Evacuation from the South Coast

From Hastings to Harpenden - July 1940

This account first appeared in The Evacuee, Issue 169, March/April 2011 – from a copy in RB 89.38.

Since joining the ERA (Evacuees Reunion Association – http://www.evacuees.org.uk/) and reading the experiences of some of the evacuees, I realise that I was neither lucky nor very unlucky while evacuated …

Group photo of Hastings evacuees, 1940. Credit: LHS / Manland archives

Because of the threat of invasion on the south coast, I left Hastings in July 1940 with my older brother, Leslie who was 10 and my younger brother, Michael aged 7. I myself was 9.

Clive Vale School, Hastings. Credit: Les Casey, May 2014

We all attended Clive Vale School and we travelled with the school to Harpenden. I remember my mother dashing around getting all the things we were told to take with us. It was a hot day and when we arrived at Harpenden we were taken to a field (or it could have been a large garden) and from there we were given food and drinks. From there we there taken to our billets.

We were all taken to separate houses and, after being with my brother and school friends all day, I felt very lonely, but I was billeted with a very nice lady who had a little boy. Her husband was in the army, When I went to bed that night I was upset and she asked me what the matter was. Although I really wanted my mother I knew she was miles away, so I said that I wanted to know where my brothers were. “Don’t worry,” she said, “we’ll go and find them in the morning.” And she stayed with me until I went to sleep. True to her word, the next day we found them billeted in the next road.

Swimming in the River Lea, c.1950. Credit: Di Castle family archives


For the next few weeks we were happy exploring the local area and getting to know the local children. I remember that one day we saw some children swimming naked in the River Lea, which was near where we were staying. They invited us to join them but we thought the water looked a bit murky – not like the sea water at home. We didn’t join them.

Letters from home

One of the highlights of each week was when a letter arrived from our mother with a one and sixpenny postal order – sixpence each – we were rich (when we were at home we only had one penny every Saturday). I can’t remember what we spent the sixpence on, but I know we had to buy stamps to write home and to our father, who was in the Royal Navy.

Although we were miles from London we heard the planes and bombs, so we spent some nights in an air raid shelter in the garden of neighbours across the road. I remember one night being allowed to look outside to see the glow of the fires caused by bombing on London.

As I have said, the husband of my foster mother was in the army and one day I was told that she was going to stay with her family in the north of England. I was moved to a temporary billet for two or three days with another girl. It was quite a well-to-do family and we had our meals apart from them. The other girl and I shared a huge, but comfortable, double bed and we were given cocoa at bedtime, but with no sugar (ugh!).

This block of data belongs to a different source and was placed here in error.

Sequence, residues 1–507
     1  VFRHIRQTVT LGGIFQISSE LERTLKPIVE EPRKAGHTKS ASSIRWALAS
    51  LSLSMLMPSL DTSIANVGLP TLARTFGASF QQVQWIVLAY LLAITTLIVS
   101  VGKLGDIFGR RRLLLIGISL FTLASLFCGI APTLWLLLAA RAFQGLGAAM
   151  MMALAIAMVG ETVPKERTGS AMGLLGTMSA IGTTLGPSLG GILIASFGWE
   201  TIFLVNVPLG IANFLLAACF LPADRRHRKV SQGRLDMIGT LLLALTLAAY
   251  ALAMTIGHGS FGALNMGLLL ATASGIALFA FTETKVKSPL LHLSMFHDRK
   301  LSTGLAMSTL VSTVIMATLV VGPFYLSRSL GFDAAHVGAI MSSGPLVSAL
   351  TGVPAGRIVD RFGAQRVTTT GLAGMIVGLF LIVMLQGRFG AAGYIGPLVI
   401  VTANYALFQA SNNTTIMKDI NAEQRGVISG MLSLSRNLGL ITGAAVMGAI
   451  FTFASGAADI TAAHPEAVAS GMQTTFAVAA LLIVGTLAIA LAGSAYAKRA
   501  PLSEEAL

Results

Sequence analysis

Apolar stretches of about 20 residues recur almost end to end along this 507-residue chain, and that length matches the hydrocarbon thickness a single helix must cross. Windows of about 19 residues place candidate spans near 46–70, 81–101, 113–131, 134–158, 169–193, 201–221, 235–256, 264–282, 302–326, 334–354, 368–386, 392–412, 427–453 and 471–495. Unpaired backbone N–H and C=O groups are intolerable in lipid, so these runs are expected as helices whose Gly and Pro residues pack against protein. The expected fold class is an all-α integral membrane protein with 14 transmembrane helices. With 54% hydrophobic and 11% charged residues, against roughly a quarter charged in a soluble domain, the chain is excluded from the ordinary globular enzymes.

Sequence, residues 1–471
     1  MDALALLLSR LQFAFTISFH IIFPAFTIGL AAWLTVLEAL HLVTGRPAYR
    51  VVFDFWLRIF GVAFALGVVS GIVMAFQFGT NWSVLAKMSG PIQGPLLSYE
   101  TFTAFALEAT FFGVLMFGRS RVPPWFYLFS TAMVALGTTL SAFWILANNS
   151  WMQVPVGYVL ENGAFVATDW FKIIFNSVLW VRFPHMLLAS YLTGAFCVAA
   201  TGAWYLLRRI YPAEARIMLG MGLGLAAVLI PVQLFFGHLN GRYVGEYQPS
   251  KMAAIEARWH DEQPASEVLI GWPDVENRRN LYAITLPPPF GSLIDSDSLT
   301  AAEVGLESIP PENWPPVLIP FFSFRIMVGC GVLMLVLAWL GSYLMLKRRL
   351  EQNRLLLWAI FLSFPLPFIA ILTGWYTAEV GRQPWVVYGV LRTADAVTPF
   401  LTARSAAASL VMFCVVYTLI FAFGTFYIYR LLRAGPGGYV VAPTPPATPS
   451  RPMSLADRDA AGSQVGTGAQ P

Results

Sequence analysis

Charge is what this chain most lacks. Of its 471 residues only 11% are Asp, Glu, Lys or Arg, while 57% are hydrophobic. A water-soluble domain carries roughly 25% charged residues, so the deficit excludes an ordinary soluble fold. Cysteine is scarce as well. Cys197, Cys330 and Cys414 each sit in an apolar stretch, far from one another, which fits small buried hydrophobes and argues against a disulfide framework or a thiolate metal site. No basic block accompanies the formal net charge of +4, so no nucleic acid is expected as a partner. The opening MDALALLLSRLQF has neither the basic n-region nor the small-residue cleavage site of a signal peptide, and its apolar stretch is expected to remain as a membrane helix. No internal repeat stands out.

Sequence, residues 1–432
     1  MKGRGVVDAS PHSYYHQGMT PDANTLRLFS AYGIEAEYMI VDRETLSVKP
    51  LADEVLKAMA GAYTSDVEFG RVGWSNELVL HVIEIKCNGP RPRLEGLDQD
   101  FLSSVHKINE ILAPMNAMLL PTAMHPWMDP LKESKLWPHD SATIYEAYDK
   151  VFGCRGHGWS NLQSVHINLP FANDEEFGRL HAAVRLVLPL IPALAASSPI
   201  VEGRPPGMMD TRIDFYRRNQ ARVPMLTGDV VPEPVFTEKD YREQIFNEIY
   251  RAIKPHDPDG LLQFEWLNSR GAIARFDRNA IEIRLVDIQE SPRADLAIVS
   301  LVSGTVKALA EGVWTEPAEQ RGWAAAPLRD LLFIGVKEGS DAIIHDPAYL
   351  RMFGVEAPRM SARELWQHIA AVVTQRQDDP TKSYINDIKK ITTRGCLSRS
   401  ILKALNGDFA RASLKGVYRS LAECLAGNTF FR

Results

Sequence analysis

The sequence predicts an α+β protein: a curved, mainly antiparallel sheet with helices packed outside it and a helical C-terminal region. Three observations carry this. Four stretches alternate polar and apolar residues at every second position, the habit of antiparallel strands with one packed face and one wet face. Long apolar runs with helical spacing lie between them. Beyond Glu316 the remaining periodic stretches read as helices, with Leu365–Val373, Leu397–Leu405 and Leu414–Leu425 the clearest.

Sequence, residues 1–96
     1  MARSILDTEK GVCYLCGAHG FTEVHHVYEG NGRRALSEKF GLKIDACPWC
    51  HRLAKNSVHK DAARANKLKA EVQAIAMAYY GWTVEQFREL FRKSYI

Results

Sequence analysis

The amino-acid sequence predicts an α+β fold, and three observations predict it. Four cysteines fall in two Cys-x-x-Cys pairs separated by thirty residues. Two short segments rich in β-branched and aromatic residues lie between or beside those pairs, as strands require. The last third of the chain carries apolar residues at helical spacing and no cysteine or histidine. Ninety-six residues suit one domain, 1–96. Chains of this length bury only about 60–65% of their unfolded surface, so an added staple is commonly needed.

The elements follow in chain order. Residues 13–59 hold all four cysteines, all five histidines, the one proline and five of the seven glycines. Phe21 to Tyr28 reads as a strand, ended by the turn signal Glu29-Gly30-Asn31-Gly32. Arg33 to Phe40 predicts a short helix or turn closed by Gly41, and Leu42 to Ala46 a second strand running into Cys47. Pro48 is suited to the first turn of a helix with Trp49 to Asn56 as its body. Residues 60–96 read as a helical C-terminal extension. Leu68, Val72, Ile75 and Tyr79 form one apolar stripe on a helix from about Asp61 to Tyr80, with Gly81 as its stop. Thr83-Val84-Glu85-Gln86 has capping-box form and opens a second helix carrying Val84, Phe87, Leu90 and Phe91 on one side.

Moving billets

From there I was moved to a hostel, which wasn’t too terrible, but the food was. An example was our tea – bread and margarine and tea with no sugar (where did our rations go?).

When my mother heard I was in a hostel she came to Harpenden and found a family nearby who were willing to have me, but there were always visitors at the house and sometimes I had to sleep on the floor. While staying with this family I remember visiting my foster mother’s friend, who showed us how to cook in a ‘hay box’. I was fascinated.

Another time we went to Luton to stay with a relation of my foster mother’s. He ran a public house, which smelled of stale beer and cigarette smoke and was very noisy. I was very glad to get back to Harpenden.

Eventually, because the invasion threat was over, my mother came to Harpenden and took us all home. We all had part-time schooling but we were happy to be home, although we were frightened when the town was bombed. Amazingly, although only having had part-time education I managed to pass an exam and get a scholarship to Hastings High School, which was still evacuated to Ware, so once again I was off again. This time my billet was with an ordinary little family: husband, wife a little boy and a huge Persian cat.

I think because my brothers were not with me I was more homesick than when I was at Harpenden. I was very envious of the other girls because their mothers had come to stay at Ware and had rented accommodation so that they could all be together. One of them, Jean, invited me to tea with them sometimes.

However, the separation from my parents (my father had now been medically discharged from the Navy, having been badly wounded when his ship was sunk a the battle of Crete) and brothers was made much easier because we were allowed home for the school holidays, providing we arranged with more senior girls to travel with us across London. I stayed with the same family until the High School returned to Hastings, I think it was in 1942 or 1943. By this time my parents had moved to the country and although there was some bombing and doodlebugs flying over, we didn’t feel so threatened and were a normal family again.

Comments about this page

  • How poignantly written! Rita you have written this as the brave child you had to be with no moaning or selfishness but the pathos comes through the writing and the reader aches for the stolen childhood what a wonderful resource!

    By Portia (06/01/2024)

Add a comment about this page

Your email address will not be published.